I have been a refugee of Arab lands since 1967, when Libya's Jewish citizens became persona non grata, suffering expulsion and then the dispersion that followed.
On June 30th, 1967 a Friday, at 4:30 AM the Jewish community of Libya was transported to the airport and body-searched before boarding an *Alitalia plane with only £20 and one suitcase allotted to each person.
*(A grateful thank you to the Humanity of good souls in the Alitalia & other companie who facilitated a safe exodus)
My widowed mother with her four children found herself among thousands of others in the middle of an Italian refugee camp in Latina, south of Rome. Others were sent to a camp in Capua, near Naples. What sustained us was only the generosity of the American Joint Distribution Committee and the International Caritas organization.
While living in the camp, we were offered jobs. I cleaned showers for pay. I also worked outside the camp as a laborer harvesting grapes in neighboring vineyards. There I learned how to cure ripe grapes at the top of each bunch of the trellis without smudging their protective film and how to harvest Sangiovese red grapes in baskets or wooden boxes to prevent fruit spoilage and premature oxidation. My earnings allowed me to attend and graduate from the International Language Center since I had already started English courses back in Tripoli. I wanted to work for the UN or to become a stewardess.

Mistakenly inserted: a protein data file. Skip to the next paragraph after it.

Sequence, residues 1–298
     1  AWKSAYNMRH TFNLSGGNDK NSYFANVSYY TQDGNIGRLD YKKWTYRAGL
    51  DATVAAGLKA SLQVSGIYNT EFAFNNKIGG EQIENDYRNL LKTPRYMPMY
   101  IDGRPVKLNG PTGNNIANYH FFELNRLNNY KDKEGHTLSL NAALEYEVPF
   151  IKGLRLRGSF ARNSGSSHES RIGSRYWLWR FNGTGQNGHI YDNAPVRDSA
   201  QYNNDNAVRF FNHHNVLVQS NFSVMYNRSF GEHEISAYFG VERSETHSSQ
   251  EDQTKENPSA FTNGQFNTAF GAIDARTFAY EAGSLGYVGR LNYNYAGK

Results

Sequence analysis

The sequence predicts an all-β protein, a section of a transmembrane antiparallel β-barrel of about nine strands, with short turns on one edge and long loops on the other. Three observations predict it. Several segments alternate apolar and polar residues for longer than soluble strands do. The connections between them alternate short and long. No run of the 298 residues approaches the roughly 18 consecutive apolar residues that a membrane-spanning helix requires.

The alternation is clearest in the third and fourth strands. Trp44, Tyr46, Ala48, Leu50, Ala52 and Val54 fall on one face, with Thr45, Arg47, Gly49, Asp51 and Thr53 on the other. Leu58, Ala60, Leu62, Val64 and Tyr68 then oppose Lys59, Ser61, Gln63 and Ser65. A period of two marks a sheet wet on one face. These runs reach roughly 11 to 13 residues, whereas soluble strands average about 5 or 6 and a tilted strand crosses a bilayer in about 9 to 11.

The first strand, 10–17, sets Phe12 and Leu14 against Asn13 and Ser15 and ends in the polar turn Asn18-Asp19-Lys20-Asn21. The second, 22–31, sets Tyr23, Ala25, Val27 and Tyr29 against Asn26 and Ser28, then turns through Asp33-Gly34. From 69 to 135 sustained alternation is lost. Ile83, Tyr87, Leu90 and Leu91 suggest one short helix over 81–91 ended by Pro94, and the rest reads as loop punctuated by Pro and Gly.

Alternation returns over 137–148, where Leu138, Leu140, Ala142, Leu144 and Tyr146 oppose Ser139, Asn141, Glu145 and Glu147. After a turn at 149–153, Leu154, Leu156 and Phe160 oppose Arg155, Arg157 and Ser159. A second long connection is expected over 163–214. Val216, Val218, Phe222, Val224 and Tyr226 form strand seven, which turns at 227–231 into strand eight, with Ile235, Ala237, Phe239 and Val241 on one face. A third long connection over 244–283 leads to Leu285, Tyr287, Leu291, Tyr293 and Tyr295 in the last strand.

Within a year, our family rented a flat in Latina. We worked and made new friends, then subsequently relocated to Rome, where we started over again. There, I went to beauty school and worked as a shampoo girl, and also worked in a gift shop selling silk scarves and leather gloves.
By 1970, I moved to a kibbutz in Israel, where I lived for one year. In 1971, I worked for El Al Airlines on a manual for the then-new jumbo jets. I also got married. By 1973, we had moved to Los Angeles where I have lived ever since, raising our family.
A graphic design education landed me a job at Disney Studios as an inker, until the department closed. I transitioned, working mainly in administration, art education and catering for Jewish institutions. Presently, I render events and passages from the Psalms and Torah, illustrating them through art.
I honor my wonderful parents, who instilled in me and in my siblings a strong faith in Judaism and the essence of Torah and Talmud through their exemplary actions. In my parent's household, hospitality, community, and charity were a way of life passed down through generations.
I derived strength, happiness, and practicality from my mother. She now lives in Eretz Yisrael. Harmony and generosity I have inherited from my father.
Until today, I am enveloped in Libya's physical essence through food, color, clothing, music, and its scents - jasmine (Fel), orange blossoms (Zahar), and geranium (Atar).